TIFF 2011: ‘Superclasico’ an unusually upbeat take on life after divorce

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Directed by Ole Christian Madsen

Screenplay by Ole Christian Madsen and Anders Frithiof August

2011, Denmark

Festival favourite Ole Christian Madsen (Flame and Citroen) returns to the Toronto International Film festival with Superclasico : a measured, fun, and thoughtful comedy-drama crowd-pleaser which suggests that divorce doesn’t always signal just the end of a doomed relationship, but also some possible benefits. Part of the Contemporary World Cinema programme, Madsen’s Danish comedy finds Christian (as played by Anders W. Berthelsen from Italian for Beginners) making the high stakes trek from Copenhagen to Bueno Aires with his son Oscar to try and win back his mercurial and career-driven wife Anna (Paprika Steen from 1998’s The Celebration) who has recently served him papers and ran off to be with an infamous and successful footballer Juan Diaz (Sebastian Estevanez).    Jamie Morton plays their silent and sullen,  Kierkegard-reading son Oscar stuck in the middle of this mess who is creaking and potentially cracking through his own teenage growing pains.  All of this drama is set against the backdrop of the Superclasico soccer championship that has taken the Argentinian city by storm.

This film works at its best when following Christian in his travels around Buenos Aires, which here is almost bursting to the brim with colour and energy, courtesy of the talents of frequent cinematography collaborator Jorgen Johansson.  After initially being rebuffed coldly by Anna who hasn’t expected his visit, Christian ends up at a bar where the patrons are celebrating the Superclasico and he gets a chance to co-miser-ate with a Chilean wine maker (Miguel Dedovich)  who presents his own curmudgeonly crafted manifesto on multiple marriage and divorce.  Likewise, Christian’s interactions with Juan’s maid Fernanda (played wickedly sweet by Adriana Mascialino in a scene-stealing performance) provide some nice oddball comedy touches and moments of focus for Christian’s emotional journey.  The lesser, but sweetly satisfying B-story finds Oscar running out on his squabbling parents while out sight-seeing (and renting a room of his own!) and forming a friendship and eventual romance with a beautiful tour guide played by Daphne Schiling.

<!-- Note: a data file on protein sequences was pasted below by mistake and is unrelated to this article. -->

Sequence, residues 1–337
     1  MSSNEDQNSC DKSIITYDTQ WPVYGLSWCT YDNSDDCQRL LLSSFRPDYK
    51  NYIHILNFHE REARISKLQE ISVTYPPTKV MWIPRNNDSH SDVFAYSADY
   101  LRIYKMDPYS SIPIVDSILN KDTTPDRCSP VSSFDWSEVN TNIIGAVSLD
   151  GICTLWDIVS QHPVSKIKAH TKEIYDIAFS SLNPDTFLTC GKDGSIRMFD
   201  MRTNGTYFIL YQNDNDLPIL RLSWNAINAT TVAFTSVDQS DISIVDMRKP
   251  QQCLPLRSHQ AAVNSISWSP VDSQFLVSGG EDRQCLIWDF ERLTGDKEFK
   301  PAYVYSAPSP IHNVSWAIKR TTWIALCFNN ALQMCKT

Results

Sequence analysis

Where Superclasico slips a bit is in its efforts to keep things together when vascillating between being a real drama focussed on divorce and a crowd-pleasing comedy where you are rooting for the underdog.  The tonal shifts in story towards the end of the film feel a bit odd and programmed as the viewer watches Christian crash and burn from one bumbling humiliation to the next.  Luckily, Berthelsen, Steen and Morton help to bring the film back from the comedy rafters and help to bring things to a human place that feels tangible.  While not a perfect comedy, Superclasico still shines in its capacity to act as both sparkling travelogue and commentary on the aftermath of divorce.

Gregory Ashman

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